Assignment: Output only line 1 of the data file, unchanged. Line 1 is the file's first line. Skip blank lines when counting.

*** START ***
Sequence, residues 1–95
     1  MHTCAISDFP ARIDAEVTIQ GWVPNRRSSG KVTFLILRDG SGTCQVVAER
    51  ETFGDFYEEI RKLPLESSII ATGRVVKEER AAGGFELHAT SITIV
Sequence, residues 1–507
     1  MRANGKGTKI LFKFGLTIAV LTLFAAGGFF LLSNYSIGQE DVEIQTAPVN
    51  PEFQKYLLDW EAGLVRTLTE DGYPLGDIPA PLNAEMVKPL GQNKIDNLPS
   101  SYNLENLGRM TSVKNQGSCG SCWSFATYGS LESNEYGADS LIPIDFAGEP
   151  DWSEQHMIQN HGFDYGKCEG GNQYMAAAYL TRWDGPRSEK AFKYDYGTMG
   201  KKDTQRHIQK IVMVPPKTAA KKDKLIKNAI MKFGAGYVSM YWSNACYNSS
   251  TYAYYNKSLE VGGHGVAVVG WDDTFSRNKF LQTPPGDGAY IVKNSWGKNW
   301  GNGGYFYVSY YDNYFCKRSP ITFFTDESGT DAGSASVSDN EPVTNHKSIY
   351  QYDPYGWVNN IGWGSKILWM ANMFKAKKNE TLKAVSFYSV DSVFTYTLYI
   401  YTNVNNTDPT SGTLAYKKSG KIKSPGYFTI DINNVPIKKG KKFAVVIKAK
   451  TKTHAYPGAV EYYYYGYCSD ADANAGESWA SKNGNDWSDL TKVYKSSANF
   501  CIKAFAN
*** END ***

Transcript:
Sequence, residues 1–95